By Harrison Howe
'Not Prepared to Teach'
Desperate times typically call for desperate measures. This is certainly reflected in recent events transpiring at Atlanta Public Schools (APS) as librarians are being taken out of media centers and placed in front of classrooms to replace teachers removed as a result of the cheating scandal which befell APS in July 2011. WSBTV, an Atlanta news station, reported that one library employee wrote in an e-mail, 'I haven't taught elementary level education in 21 plus years. I'm not prepared to teach the very children who have been cheated by the cheating scandal.'
Officials admit that the cheating scandal was an unforeseen crisis that the schools were simply not prepared to handle on a financial level. The paid leave for suspended teachers is draining the system, costing APS about one million dollars per month. In addition, APS faces the possibility of paying nearly one million dollars to the federal government. This figure represents money that was funded to the school for high test scores, scores which were registered invalid in the wake of the cheating scandal.
What else could go wrong for APS?
No Easy Answers
In the midst of all this, a $20 million shortfall has the school district trying to figure out how to cut $10 million from its budget. Despite assurances from the district's superintendent that APS will work through these problems, doubts remain.
Yes, more than 100 employees have been hired by the district, but not all of these individuals are teachers. And though just over 40 educators quit or resigned after the scandal broke, more than 120 remain on paid leave. What's more, it could be a lengthy process by which to fully rid the district of these employees. If they are fired, Georgia state law allows them to request a hearing.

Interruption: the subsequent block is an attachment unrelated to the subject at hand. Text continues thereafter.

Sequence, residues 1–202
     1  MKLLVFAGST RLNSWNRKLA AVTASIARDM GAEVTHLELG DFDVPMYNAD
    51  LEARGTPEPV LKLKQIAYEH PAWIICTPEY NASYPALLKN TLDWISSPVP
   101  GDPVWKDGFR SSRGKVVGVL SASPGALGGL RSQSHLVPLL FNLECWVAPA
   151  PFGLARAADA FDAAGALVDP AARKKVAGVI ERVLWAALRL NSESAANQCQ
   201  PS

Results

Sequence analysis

Meanwhile, librarians are brushing up on their teaching skills as APS asserts that suspended teachers will not ever return to their former positions. Does the librarian situation represent long-term answer? No, but at this stage it's the only answer APS has come up with. And despite the superintendent's assurances, it may be the only solution available for the immediate future for this cash-strapped school district.
Unfortunately, the cheating scandal in Atlanta is not the first, or only, of its kind; find out more about how these types of occurrences impact students, teachers and administrators.